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Hampden District Attorney Mark G. Mastroianni is on the verge of becoming a district court judge in Massachusetts.
Last week, the U.S. Senate Judiciary Committee approved his nomination unanimously to serve as the presiding judge in the U.S. District Court in Springfield.
His next stop in the confirmation rigmarole? The full Senate.
Who Is Mark Mastroianni?
A Westfield resident, Mastroianni is a former state prosecutor and defense lawyer. He was nominated by President Obama to fill the vacancy in the U.S. District Court in Springfield following Judge Michael A. Ponsor's decision to take semi-retired status in 2011, The Republican reports.
The Senate seems to have a much stronger affinity for Mastroianni than Obama's 2011 selection of Superior Court Judge C. Jeffrey Kinder, who was stuck in limbo without a hearing for 19 months due to partisan rancor over other nominations. He withdrew his name from consideration almost exactly one year ago, clearing the way for Mastroianni.
A Push for Diversity on the Bench
With a spate of early retirements, the federal judgeship in Massachusetts is in the midst of an extraordinary makeover and senators are seizing upon it as an opportunity to push for more diversity on the bench, The Boston Globe reports.
Mastroianni's nomination is buttressed by the seal of approval from more than two Massachusetts senators, Elizabeth Warren and Edward Markey, as well as U.S. Rep. Richard E. Neal, D-Springfield.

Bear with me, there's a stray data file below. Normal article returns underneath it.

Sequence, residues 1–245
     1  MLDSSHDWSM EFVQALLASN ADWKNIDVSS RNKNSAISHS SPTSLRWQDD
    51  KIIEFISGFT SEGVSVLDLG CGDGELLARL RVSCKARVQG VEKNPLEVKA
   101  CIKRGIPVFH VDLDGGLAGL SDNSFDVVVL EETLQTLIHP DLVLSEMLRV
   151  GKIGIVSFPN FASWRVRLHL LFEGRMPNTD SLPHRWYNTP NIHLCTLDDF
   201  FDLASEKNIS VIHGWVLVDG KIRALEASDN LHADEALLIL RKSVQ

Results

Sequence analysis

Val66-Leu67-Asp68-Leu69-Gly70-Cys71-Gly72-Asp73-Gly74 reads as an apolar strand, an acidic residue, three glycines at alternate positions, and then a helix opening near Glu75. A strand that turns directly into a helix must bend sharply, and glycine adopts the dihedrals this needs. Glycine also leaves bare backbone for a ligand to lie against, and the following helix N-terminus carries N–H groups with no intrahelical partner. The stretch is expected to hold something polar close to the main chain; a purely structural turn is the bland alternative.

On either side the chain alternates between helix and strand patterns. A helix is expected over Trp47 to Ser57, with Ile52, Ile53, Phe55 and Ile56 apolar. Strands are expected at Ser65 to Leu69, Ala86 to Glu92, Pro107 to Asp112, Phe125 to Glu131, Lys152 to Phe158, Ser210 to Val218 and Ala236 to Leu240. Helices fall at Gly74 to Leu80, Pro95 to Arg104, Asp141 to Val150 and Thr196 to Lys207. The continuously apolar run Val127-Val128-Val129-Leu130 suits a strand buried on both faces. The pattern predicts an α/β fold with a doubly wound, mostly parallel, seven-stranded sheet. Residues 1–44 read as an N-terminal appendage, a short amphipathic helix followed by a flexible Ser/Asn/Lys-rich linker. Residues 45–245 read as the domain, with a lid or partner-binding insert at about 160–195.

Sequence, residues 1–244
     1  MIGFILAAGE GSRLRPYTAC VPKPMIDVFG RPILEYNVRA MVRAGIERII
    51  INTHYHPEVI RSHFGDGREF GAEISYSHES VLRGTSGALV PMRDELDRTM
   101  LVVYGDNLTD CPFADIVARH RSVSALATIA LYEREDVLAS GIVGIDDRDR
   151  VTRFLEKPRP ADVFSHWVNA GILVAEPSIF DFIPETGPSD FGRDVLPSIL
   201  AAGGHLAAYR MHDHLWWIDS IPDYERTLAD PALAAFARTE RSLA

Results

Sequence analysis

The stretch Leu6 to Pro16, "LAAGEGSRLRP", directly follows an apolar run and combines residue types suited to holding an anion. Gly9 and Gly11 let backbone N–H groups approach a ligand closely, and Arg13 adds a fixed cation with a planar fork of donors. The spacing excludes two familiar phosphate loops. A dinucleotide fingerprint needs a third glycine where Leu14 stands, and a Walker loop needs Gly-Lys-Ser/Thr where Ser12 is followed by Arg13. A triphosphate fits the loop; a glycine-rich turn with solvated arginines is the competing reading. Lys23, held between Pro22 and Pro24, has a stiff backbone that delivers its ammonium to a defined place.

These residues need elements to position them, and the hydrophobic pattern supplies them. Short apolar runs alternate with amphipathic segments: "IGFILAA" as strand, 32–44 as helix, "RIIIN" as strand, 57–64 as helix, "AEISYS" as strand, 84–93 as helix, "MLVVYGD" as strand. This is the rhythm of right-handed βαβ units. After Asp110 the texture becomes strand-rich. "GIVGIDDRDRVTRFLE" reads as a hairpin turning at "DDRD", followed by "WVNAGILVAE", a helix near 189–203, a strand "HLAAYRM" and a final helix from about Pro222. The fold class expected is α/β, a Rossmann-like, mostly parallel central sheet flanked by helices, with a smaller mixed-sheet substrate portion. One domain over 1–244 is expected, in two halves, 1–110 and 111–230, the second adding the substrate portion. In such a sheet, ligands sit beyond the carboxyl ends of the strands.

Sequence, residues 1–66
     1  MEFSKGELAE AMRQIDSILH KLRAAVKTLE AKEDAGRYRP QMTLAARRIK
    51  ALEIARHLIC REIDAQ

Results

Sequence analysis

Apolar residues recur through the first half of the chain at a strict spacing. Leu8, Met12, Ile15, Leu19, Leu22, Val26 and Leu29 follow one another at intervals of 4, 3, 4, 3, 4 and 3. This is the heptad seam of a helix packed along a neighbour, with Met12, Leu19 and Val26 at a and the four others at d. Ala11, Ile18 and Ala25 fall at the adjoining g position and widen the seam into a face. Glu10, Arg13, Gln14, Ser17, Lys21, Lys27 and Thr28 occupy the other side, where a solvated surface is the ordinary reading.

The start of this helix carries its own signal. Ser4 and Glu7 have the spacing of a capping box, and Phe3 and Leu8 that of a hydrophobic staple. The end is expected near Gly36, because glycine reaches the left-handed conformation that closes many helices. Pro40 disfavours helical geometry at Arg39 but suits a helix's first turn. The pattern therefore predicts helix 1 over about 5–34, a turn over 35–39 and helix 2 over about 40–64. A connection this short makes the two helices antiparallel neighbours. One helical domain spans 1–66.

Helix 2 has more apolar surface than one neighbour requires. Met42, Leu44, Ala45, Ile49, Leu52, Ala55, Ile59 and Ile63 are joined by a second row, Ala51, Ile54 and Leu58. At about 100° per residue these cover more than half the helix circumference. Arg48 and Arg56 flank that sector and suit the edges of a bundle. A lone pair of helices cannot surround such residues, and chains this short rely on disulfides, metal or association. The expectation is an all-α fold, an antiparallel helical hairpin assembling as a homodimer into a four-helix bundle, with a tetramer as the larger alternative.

Warren's approval of Mastroianni might be a bit tempered by his experience as a prosecutor, considering a speech she made before the American Constitution Society saying "the federal appellate bench is "dominated by judges whose previous professional experience is generally corporate or prosecutorial."
In the speech, she cited a 2013 American Constitution Society study that found that "85 percent of 162 federal judges had worked in private practice, and the majority of them had worked at large firms that represent corporations, while only five judges, or 3 percent, had any substantial work for nonprofit organizations. Only 3 percent had worked for organizations or government agencies that enforce civil rights," the Globe reports.
Despite Warren's call for more Mastroianni managed to field questions on gun, drug and victim-rights cases before the Senate panel and come away unscathed. So it's possible Warren's is pleased enough with Mastroianni. After all, he doesn't represent corporate clients, so maybe it's a step in the right direction.
Remarkably Smooth Confirmation Process
"It's almost unheard of for a nomination to get an unanimous vote of approval from the judiciary committee and not get positive vote from the full Senate," Springfield political consultant Anthony L. Cignoli told The Republican.
Next, Mastroianni will need to make it through a floor debate and vote. Given how uncharacteristically non-dramatic the situation has been surrounding his selection, things should be pretty smooth sailing for him from here on out.